Oct 12 2005
parent "Ben Hinkle" <bhinkle mathworks.com> writes:
"Ivan Senji" <ivan.senji_REMOVE_ _THIS__gmail.com> wrote in message 
news:dikvs5$1o02$1 digitaldaemon.com...
 Ben Hinkle wrote:
 "Ivan Senji" <ivan.senji_REMOVE_ _THIS__gmail.com> wrote in message 
 news:dijt1a$2bqk$1 digitaldaemon.com...

Maybe this doesn't make sense, but i don't need cstream's CFile only
din/dout, so i would like not to have to import cstream.

Now that i think about it is there any reason why CFile is not in 
std.stream? If there is i can't see it.

std.cstream also publically imports std.c.stdio. The reason for making cstream was because 1) std.stream is already big and 2) cstream is for the C library wrappers and users should be aware of when they are wrapping the C stdin/out etc instead of using the native OS interface to console io.

Most of what you say makes sense and i understand it but not the last part about wraping stdin/out vs. OS interface to console io?

The OS equivalents to stdin are GetStdHandle(STD_INPUT_HANDLE) on Windows and .. I forget... something like STDIN_FILENO on Linux.
 My class has toStream(Stream s) method and sometimes i would like it to 
 output to console and sometimes to memory or file stream, sometimes i need 
 obj.toStream(dout) or obj.toStream(memoryStream) ...
 And i don't like importing std.cstream because i do not need the 
 std.c.stdio stuff it publically imports but only din and dout Streams.

sure. din/dout could be declared in std.stream as simple Stream objects and initialized in std.cstream as CFiles.
 Aren't din/dout same as c++ cin/cout? I am trying to use them the same 
 way.

 And i don't think stream's size (~80kB) would incresase that much if 
 cstream (~4kB) was included :)
 

Oct 13 2005
prev sibling next sibling parent reply Sean Kelly <sean f4.ca> writes:
In article <dij444$1c93$1 digitaldaemon.com>, Fredrik Olsson says...
At http://www.algonet.se/~afb/d/stdio/ in stdio.d, Anders F Björklund 
have a a stdio with readf functions. Is there a reason that these are 
not present in the official Phobos?

When I originally wrote readf I held off on submitting it because TypeInfo for pointers was basically broken. As a result, my code contained a workaround to determine the parameter types, and I didn't feel comfortable submitting a work in progress (readf also relies on changed to std.utf so data can be translated as it is read, so the submission would requiring changing that module as well). Anders later patched my readf to work on GDC (if I remember correctly) and it's been in that state ever since. Personally, I would like to see readf added to Phobos, but as I'm not using Phobos anyway, I haven't pushed for it. Also, as Ben Hinkle has mentioned, the stream classes offer a reasonable alternative for formatted input. I'm fairly certain the readf/scanf functionality isn't as complete as the version I wrote (mine is fully C99 compliant while the std.stream version was an abbreviated implementation way back when I last checked), but it should do for most purposes. And Mango is obviously another option. For what it's worth, my original implementation of readf is available here as "stdio addon": http://www.home.f4.ca/sean/d/ Sean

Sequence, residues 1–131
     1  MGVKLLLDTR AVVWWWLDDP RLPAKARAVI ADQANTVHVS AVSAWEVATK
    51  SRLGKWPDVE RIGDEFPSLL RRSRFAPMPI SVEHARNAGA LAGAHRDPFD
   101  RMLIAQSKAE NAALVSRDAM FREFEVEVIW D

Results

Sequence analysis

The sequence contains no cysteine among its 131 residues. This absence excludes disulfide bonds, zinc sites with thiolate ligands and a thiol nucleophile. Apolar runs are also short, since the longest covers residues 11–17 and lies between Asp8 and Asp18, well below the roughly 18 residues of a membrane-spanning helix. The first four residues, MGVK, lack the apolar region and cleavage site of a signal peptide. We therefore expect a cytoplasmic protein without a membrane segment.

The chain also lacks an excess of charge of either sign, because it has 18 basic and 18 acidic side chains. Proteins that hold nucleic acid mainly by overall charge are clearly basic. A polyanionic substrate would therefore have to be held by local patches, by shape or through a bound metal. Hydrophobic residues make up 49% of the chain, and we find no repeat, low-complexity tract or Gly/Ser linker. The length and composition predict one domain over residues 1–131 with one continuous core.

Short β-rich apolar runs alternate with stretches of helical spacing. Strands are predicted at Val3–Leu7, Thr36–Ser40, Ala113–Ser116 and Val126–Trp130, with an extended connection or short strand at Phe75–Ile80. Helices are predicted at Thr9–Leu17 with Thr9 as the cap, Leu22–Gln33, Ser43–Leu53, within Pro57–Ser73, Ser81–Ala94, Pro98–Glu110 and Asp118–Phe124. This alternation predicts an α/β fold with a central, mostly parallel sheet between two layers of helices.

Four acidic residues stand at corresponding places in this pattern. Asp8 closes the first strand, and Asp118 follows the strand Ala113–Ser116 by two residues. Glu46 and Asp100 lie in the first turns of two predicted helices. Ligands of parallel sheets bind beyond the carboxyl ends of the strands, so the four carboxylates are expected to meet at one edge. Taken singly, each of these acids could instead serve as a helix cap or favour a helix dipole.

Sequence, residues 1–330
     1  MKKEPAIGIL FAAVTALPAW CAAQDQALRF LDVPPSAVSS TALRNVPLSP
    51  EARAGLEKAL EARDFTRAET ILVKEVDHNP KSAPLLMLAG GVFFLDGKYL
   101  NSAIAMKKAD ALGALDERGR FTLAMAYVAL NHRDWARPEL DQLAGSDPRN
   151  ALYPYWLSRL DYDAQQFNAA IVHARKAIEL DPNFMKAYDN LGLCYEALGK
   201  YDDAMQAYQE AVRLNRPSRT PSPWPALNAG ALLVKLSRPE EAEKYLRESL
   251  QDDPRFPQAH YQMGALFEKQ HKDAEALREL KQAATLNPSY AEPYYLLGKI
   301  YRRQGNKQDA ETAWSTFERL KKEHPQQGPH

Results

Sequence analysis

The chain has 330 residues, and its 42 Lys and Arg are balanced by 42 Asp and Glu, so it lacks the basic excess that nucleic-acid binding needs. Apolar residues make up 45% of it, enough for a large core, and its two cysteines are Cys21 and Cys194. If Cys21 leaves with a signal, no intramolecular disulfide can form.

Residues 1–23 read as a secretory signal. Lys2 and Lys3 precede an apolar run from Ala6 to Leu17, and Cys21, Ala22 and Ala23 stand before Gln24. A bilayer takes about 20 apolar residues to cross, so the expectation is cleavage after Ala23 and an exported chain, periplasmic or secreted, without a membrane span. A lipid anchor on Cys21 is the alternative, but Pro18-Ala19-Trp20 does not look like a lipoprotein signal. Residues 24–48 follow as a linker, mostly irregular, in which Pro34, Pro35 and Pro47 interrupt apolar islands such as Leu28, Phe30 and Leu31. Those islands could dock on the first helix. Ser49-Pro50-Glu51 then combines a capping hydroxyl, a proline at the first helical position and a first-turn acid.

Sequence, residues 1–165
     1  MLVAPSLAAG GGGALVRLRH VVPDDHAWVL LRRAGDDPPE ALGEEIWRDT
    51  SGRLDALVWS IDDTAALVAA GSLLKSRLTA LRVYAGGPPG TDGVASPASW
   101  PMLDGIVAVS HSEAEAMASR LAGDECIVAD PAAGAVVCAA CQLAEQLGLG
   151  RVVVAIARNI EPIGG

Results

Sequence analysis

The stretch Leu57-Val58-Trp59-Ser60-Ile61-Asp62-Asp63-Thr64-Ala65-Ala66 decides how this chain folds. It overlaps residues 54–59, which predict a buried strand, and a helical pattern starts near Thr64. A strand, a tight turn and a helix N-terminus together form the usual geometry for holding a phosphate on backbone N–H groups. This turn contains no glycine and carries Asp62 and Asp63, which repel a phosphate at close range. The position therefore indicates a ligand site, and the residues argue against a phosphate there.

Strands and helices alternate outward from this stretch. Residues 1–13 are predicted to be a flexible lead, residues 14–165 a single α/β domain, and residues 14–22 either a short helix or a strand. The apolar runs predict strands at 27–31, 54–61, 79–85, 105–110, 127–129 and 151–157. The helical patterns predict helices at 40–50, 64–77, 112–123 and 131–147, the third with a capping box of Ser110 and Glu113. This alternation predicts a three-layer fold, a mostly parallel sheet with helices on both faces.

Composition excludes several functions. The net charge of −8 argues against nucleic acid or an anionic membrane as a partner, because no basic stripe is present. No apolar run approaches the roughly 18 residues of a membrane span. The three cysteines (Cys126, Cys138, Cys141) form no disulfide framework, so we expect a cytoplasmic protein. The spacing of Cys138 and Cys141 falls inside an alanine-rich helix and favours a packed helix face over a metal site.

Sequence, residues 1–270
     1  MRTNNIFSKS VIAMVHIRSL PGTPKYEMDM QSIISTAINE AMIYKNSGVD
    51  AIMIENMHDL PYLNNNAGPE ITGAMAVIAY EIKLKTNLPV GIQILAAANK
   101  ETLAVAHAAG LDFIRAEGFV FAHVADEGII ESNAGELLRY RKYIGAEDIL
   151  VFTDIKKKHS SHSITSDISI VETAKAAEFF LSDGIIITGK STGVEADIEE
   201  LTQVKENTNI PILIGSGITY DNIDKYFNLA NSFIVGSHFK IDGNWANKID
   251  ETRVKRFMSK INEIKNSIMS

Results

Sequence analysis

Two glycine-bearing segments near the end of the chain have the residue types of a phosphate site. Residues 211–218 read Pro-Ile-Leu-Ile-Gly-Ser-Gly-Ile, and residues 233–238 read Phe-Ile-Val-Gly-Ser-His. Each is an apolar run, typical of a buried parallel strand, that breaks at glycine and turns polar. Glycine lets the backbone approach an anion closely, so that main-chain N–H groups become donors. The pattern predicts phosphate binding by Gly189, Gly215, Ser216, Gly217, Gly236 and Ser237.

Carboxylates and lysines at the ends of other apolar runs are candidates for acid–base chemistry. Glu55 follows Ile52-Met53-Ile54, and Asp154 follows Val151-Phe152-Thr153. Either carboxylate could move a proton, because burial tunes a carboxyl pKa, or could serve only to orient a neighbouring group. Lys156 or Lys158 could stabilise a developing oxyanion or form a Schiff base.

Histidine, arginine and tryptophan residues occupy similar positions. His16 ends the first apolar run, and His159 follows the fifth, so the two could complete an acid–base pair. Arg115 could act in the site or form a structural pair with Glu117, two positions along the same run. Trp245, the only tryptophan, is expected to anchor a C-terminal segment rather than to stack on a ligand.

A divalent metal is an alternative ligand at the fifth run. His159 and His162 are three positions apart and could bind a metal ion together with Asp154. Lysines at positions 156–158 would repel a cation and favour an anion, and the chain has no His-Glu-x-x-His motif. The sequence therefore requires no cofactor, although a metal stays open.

Oct 12 2005
next sibling parent Sean Kelly <sean f4.ca> writes:
In article <dik142$2jrn$1 digitaldaemon.com>, Sean Kelly says...
I'm fairly certain the readf/scanf functionality isn't as
complete as the version I wrote (mine is fully C99 compliant while the
std.stream version was an abbreviated implementation way back when I last
checked), but it should do for most purposes.

I just checked std.stream and it looks like readf has been fully rewritten. I don't know if it covers all the subtleties of the scanf spec, but at a glance it seems a darn sight better than it used to be. Sean
Oct 12 2005
prev sibling parent reply =?ISO-8859-1?Q?Anders_F_Bj=F6rklund?= <afb algonet.se> writes:
Sean Kelly wrote:

At http://www.algonet.se/~afb/d/stdio/ in stdio.d, Anders F Björklund 
have a a stdio with readf functions. Is there a reason that these are 
not present in the official Phobos?

When I originally wrote readf I held off on submitting it because TypeInfo for pointers was basically broken. As a result, my code contained a workaround to determine the parameter types, and I didn't feel comfortable submitting a work in progress (readf also relies on changed to std.utf so data can be translated as it is read, so the submission would requiring changing that module as well). Anders later patched my readf to work on GDC (if I remember correctly) and it's been in that state ever since.

I'm pretty happy with how the *syntax* turned out, but not the implementation - mostly due to the aforementioned TypeInfo bugs. Since it's using pointers (yes!, by design) it needs typeid for that to return sane results and it didn't so I just hacked it... Passing "mangle" characters around, and who knows what else :-P
 Personally, I would like to see readf added to
 Phobos, but as I'm not using Phobos anyway, I haven't pushed for it.  Also, as
 Ben Hinkle has mentioned, the stream classes offer a reasonable alternative for